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Kindergarten Life Lessons, Estilo Mexicano

My six-year-old son takes the stage with serious swagger, resplendent in a full charro costume. He leans slightly forward, thumbs tucked in his belt, as his booted feet tattoo a complicated rhythm across the stage. Baroque gold braiding accents his black jacket, trousers, and sombrero. He approaches the bull, another kindergartner with an elaborate horned headdress, and circles around him, swinging a golden lariat. The bull twists and parries, then bolts across the stage. My son charges after him, they spin together, one approaches, the other feints, first to one side and then the other.

Then, since this elegant gentleman has failed to tame the bull, the prettiest girl in town is asked to try. A gorgeous child dances onto the stage, swaying, twirling, beguiling the crazed animal. He is charmed for a few moments, then thrashes about wildly again. A wise elder is called to the task, in the form of another six-year-old dancer who advances slowly in a shuffling step. With stooped posture and face obscured by the traditional mask of the viejito, he cautiously circles the vicious animal. Several more village archetypes have their moment, all to no avail.

The scene culminates with a lowly borrachita taking her turn: a cherubic little blonde girl plays the town drunk. She does a loose-limbed dance in the general vicinity of the bull and falls down theatrically every few feet. Still not despairing, the entire population of the village comes out on stage. They work together now, but they can’t control the bull no matter what they do.

Finally, Death appears. He lurches about, wielding his scythe, until none of the villagers are left standing. Even the cruel bull, the source of all their troubles, is finally brought down. For in the end, la muerte conquers all.

The crowd of parents goes wild. We love this surreal spectacle. These kids just laid down some truth. Life is tough, people; you’d better learn that now. Death is always in the game, and he will have his triumph. But ni modo, no worries, just keep dancing, everyone. Hold your head high and do your best. Celebrate life. And while we’re at it, let’s do it all with style – why not?

A life lesson for us all, courtesy of Mexican kindergarteners.

My second-grade son appears on stage in not much more than a loincloth and armbands. He and his classmates perform an energetic dance celebrating the lives of the Chichimecas, a fierce, nomadic people indigenous to this region of central Mexico. The Chichimeca men dressed in this manner, apparently, so the boys in the class are matter-of-factly doing the same, on stage in front of 500 people.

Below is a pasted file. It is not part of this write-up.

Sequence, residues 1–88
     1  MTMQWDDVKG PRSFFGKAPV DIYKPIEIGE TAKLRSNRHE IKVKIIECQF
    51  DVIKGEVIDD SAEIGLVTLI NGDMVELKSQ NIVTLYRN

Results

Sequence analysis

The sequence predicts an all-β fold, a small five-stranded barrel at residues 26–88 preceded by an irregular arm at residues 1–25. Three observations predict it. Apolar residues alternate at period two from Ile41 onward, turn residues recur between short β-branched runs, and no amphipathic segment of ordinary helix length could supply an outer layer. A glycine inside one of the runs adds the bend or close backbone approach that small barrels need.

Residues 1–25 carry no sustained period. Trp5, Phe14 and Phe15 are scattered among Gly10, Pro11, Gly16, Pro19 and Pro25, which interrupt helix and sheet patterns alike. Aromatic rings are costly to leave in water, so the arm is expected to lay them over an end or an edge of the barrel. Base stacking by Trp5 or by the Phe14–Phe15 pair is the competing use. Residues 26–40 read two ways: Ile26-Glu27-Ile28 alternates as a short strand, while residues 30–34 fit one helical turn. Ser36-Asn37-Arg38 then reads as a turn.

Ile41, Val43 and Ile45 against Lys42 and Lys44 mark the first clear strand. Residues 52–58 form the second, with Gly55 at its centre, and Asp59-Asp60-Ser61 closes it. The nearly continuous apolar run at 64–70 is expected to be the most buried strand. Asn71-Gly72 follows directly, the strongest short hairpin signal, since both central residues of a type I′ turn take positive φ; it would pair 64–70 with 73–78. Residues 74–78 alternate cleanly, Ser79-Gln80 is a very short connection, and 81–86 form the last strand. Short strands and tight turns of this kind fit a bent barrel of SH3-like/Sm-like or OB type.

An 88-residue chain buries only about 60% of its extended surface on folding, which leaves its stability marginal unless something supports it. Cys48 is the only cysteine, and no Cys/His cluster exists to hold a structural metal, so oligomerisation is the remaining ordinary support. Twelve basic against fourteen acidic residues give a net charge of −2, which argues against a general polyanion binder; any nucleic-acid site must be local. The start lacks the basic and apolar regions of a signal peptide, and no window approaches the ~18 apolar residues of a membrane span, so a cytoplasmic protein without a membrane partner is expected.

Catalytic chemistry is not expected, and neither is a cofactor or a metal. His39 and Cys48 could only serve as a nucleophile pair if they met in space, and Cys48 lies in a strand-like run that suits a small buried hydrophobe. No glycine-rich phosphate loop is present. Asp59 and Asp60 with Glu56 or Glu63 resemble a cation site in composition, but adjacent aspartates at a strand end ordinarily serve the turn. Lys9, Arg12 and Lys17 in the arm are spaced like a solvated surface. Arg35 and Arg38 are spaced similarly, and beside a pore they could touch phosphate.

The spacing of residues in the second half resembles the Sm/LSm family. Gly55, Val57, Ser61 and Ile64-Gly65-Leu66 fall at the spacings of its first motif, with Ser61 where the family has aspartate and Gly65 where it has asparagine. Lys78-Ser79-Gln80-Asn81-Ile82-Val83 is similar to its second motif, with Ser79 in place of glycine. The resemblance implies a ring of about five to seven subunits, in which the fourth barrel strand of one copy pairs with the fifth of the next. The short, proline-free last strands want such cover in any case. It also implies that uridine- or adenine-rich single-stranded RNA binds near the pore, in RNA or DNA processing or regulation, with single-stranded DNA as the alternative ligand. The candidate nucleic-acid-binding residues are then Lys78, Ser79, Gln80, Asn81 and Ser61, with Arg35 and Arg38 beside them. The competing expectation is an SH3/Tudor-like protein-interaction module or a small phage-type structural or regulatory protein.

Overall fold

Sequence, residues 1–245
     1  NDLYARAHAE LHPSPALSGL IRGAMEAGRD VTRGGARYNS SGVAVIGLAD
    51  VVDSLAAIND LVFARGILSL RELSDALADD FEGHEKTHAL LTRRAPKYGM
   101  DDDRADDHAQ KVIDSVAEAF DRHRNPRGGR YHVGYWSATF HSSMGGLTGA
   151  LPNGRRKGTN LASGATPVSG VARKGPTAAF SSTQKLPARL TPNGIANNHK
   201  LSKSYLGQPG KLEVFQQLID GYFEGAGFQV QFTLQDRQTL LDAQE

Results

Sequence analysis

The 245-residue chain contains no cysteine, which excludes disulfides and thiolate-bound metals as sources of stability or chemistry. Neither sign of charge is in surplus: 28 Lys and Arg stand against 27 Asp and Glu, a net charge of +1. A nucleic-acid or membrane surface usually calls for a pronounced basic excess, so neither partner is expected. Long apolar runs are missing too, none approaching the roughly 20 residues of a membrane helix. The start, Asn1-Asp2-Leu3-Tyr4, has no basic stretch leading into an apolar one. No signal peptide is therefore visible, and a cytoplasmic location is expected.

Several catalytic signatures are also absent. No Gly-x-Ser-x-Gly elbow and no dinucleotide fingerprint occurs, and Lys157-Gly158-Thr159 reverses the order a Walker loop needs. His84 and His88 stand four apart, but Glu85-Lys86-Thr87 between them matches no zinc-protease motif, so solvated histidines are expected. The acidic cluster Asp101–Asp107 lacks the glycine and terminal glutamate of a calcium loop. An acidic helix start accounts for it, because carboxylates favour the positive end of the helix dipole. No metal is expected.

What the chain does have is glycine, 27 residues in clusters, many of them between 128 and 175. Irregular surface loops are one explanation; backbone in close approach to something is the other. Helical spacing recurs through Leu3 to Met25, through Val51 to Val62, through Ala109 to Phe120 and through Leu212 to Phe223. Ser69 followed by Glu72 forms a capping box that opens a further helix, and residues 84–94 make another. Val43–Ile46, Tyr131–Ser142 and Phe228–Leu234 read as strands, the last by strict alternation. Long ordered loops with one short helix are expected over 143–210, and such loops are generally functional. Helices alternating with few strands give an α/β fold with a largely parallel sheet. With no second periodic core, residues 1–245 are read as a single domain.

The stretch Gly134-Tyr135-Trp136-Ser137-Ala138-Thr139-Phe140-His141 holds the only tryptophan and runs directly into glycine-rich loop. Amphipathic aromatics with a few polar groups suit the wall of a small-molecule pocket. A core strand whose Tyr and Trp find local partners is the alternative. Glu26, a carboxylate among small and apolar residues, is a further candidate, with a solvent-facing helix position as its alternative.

This honest, unapologetic aspect of the culture is also apparent in common terms of endearment that shocked me at first. Nicknames like gordito (fatty), chaparrito (shorty), and negrito (dear little dark-skinned one) persist because their owners don’t mind. My American gauge of political correctness must be recalibrated here.

My children are learning to navigate the elegant, labyrinthine layers of politeness in Mexican society and also how to handle this tell-it-how-it-is vein of Mexican culture. In the process, I am often confused, occasionally appalled, and most frequently incredibly proud of my sons as I watch them adapt and grow. Together, we find our way within this beautiful, complex culture.

So when I hear that tired old cliché that all we really needed to know we learned in kindergarten, it rings more true here in San Miguel de Allende. In a Mexican primary school, my boys have not only learned to read, write, and play well with others, they’ve learned to do so in two languages, to greet people properly with a kiss on the cheek, to dance with great style, and to appreciate that while death wins out in the end, life should be lived with enthusiasm and grace.

Surely these are the life skills that will take them far.

Ann Marie Jackson has traveled widely on five continents. After earning degrees from Stanford and Harvard, she worked for the U.S. Department of State promoting human rights in Asia, and for several NGOs, including Human Rights Watch, A Better Chance, and Internews. She now lives in San Miguel de Allende with her husband and two young sons. She is Vice President of Casita Linda, a non-profit that builds homes for San Miguel’s poorest families, and co-founder of micro-lending organization Mano Amiga. Her writing has appeared in Solamente en San Miguel, Volume III, and the bicultural motherhood blog Mamas in a Foreign Land. She is currently writing her first novel.